Using SKLabelNodes – Story Tellers iOS Starter Kit Documentation

Properties for SKLabelNodes

Story Tellers iOS Starter Kit 2 Documentation

As described in the initial setup article labels (technically speaking, SKLabelNodes) can simply be dropped into the scene and supplied with whatever text you want. The Story Tellers iOS Starter Kit 2 gives you plenty more options though. The kit can even read back text in a label with country-specific voices. Lets first discuss making labels dynamic, and by that I mean, changeable based on a saved value (preference) in the kit.

Labels with dynamic values are relatively simple to setup and only have a handful of properties. But you can use them to dramatically change your book. The label could display the reader’s name (and that name would be remembered every time the app is opened), the label could show the time remaining to play a game, or the value of anything you set using the various SetValue events or opening the iOS Keyboard. You could even give readers the option of changing the core story of the book by letting them fill in the blanks or change outcomes.

To set this up, all you need to do is drag out a Label from the Object Library into the scene and give it a Name property. For example, WelcomeMessage.

Creating a dynamic SKLabelNode

Then in either your page dictionary or in the Root, create a Labels dictionary, then a sub-dictionary with a matching name, so again, in this example, that would be WelcomeMessage.

We can now set the following properties which will change the label at runtime….

  • TextWithSavedValue – Enter the saved value name to swap with the main text. For example, you might enter UserName so at runtime whatever the last saved value for UserName would be used for the text.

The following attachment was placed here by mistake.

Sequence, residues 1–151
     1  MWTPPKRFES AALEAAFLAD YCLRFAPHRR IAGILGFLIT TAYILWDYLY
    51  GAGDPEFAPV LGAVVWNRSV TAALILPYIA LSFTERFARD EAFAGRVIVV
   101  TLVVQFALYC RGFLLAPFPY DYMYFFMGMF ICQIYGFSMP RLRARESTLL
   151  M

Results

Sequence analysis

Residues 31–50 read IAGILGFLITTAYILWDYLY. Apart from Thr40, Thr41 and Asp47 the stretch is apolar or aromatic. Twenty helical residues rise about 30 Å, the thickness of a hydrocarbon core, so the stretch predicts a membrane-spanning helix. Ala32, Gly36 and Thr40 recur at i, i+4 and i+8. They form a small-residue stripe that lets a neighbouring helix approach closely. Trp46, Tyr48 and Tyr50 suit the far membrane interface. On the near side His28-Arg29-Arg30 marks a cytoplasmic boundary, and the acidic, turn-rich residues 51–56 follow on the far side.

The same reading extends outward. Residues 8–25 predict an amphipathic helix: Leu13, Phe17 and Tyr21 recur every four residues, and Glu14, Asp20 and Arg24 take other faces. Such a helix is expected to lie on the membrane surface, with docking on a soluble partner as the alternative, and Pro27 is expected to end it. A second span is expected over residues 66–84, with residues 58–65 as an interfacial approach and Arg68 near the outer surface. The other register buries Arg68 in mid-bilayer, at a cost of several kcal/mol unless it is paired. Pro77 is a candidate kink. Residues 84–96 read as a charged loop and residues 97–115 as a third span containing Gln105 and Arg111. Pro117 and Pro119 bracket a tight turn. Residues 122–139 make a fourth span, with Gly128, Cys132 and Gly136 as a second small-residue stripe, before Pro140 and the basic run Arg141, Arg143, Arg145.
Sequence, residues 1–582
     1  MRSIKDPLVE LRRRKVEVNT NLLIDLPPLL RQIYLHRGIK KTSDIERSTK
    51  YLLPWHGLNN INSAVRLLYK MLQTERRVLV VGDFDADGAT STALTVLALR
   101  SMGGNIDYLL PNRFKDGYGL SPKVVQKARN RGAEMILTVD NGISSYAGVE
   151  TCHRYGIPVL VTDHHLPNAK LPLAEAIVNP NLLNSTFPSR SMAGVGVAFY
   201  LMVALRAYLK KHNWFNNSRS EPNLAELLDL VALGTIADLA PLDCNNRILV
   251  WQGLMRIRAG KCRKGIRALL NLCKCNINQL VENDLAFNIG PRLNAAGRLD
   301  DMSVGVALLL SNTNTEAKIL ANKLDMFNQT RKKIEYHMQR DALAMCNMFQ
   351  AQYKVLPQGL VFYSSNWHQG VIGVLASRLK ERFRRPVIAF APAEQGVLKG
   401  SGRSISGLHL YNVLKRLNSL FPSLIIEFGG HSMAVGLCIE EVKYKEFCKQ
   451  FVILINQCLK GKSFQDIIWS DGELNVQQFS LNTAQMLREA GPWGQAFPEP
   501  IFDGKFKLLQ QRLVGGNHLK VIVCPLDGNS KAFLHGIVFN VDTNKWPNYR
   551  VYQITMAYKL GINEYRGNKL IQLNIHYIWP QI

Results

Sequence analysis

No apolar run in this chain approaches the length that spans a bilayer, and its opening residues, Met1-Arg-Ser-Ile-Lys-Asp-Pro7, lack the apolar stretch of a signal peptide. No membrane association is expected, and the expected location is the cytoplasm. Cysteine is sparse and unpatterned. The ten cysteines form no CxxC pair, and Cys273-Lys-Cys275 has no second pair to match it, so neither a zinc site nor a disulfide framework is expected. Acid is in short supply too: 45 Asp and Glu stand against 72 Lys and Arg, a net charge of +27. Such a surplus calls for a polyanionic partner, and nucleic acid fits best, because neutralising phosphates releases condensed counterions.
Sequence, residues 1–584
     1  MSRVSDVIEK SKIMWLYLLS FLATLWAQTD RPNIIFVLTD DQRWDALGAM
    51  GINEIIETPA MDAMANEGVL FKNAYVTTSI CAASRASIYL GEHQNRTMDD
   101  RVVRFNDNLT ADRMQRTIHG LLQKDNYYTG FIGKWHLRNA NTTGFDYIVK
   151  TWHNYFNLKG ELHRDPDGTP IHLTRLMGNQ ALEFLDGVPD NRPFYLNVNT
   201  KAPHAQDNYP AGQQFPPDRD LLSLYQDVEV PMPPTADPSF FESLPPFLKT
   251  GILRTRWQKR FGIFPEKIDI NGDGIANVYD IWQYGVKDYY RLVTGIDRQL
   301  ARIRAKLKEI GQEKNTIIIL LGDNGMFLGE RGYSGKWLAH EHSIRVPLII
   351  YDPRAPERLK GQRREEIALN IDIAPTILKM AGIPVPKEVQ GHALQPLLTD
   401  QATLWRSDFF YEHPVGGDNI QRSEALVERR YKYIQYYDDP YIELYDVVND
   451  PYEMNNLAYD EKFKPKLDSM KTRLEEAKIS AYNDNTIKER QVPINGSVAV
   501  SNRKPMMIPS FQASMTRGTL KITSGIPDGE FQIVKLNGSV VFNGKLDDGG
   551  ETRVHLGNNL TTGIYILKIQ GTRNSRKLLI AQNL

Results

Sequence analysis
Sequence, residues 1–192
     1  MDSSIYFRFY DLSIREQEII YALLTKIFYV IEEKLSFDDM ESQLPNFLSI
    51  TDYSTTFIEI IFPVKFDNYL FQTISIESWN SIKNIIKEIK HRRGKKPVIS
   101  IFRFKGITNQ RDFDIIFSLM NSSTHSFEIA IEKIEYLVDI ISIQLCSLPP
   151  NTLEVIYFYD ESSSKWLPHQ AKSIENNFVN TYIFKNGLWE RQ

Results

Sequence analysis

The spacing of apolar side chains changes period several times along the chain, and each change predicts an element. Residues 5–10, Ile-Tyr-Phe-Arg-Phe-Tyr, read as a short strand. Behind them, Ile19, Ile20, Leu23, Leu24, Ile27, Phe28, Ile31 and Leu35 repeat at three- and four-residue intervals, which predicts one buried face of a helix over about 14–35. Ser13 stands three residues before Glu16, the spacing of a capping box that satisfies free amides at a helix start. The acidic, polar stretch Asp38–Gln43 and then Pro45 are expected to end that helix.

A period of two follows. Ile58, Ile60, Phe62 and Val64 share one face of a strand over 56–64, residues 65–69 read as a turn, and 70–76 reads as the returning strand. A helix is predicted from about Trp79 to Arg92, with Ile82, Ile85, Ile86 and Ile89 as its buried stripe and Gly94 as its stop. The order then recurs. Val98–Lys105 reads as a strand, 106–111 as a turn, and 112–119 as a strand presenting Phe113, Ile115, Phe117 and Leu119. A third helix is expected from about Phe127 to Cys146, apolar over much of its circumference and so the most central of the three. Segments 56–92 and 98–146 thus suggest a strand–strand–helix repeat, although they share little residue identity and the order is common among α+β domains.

• MaxCharacters – a Number value for the max number of characters the label would show.
  • TextIfNoSavedValue – If a saved value can’t be found, you can use alternate text you specify here.
  • Prefix – enter any text to appear in front of the main text.
  • Postfix – enter any text to appear after the main text.
  • PrefixFromPool –   Random prefix text from a Pool array (see the image below). The value should be equal to a pool name in the Root of the property list. For example, WelcomeMessages, would pull a random value from the three possible options below.

Pool of random messages for SKLabelNode

  • PostfixFromPool –  Random postfix text from a Pool array
  • TextFromPool –  Random base text from a Pool array
  • TextFromLanguage – a Dictionary defining text for a different language. ANY language, Klingon, Elvish, its up to you.

set different language for sklabelnode

The “Language” value should be set initially using the SetValuesIfNil dictionary with a key named “Language” and the default language as the value. This could be set in a Page dictionary or as an event.

set values klingon

You can find out more by watching this video


 

SKLabelNodes are Nodes. Duh.

Keep in mind labels can be treated like any other node. So the same actions or properties that can be run on any node, apply to Labels as well. You can stick them to other nodes, run actions on them, hide / show them, etc.

 

 

If you stumbled onto this article, it is part of our documentation for the Story Tellers iOS Starter Kit 2. The kit enables you to make children’s book apps and games without writing any code! But it is Swift 2 based and compatible with iOS9 (or higher) and Xcode 7 (or higher), so kit buyers can even extend the functionality to fit their needs further. Some of what we cover in the kit documentation may apply to Xcode in general, so this article could be worth a read even if you aren’t a user. You can purchase Lifetime Updates the kit here, or subscribe Yearly to CartoonSmart and get the latest version, plus access to all of our other kits / tutorials.

We’ve also created an iBook to document the very latest properties in the kit, so be sure to download that as well.